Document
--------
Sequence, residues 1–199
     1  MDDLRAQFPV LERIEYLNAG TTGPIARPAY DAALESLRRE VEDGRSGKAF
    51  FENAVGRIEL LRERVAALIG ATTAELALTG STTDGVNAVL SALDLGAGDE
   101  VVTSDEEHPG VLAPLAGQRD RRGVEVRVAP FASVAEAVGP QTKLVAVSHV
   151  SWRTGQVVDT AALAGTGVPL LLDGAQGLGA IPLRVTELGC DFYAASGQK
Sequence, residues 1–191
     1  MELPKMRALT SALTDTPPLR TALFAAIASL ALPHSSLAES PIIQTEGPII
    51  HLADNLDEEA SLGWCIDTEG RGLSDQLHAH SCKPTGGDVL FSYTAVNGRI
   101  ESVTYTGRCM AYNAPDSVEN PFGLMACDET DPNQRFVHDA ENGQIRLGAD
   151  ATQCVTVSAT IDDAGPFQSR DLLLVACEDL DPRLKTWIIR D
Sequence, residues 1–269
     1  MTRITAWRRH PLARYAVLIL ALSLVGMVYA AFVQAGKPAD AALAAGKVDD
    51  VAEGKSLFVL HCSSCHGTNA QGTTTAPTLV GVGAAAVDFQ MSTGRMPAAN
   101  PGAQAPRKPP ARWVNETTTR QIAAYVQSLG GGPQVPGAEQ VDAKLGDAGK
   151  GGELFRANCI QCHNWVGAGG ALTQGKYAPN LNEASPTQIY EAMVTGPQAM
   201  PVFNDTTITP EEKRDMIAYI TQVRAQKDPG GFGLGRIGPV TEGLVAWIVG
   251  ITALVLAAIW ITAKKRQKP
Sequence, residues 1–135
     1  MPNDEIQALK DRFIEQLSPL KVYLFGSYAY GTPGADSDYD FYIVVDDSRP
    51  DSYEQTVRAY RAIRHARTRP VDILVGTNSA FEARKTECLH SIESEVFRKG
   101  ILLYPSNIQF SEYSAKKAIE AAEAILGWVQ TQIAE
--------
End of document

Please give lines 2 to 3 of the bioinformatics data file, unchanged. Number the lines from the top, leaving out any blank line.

     1  MDDLRAQFPV LERIEYLNAG TTGPIARPAY DAALESLRRE VEDGRSGKAF
    51  FENAVGRIEL LRERVAALIG ATTAELALTG STTDGVNAVL SALDLGAGDE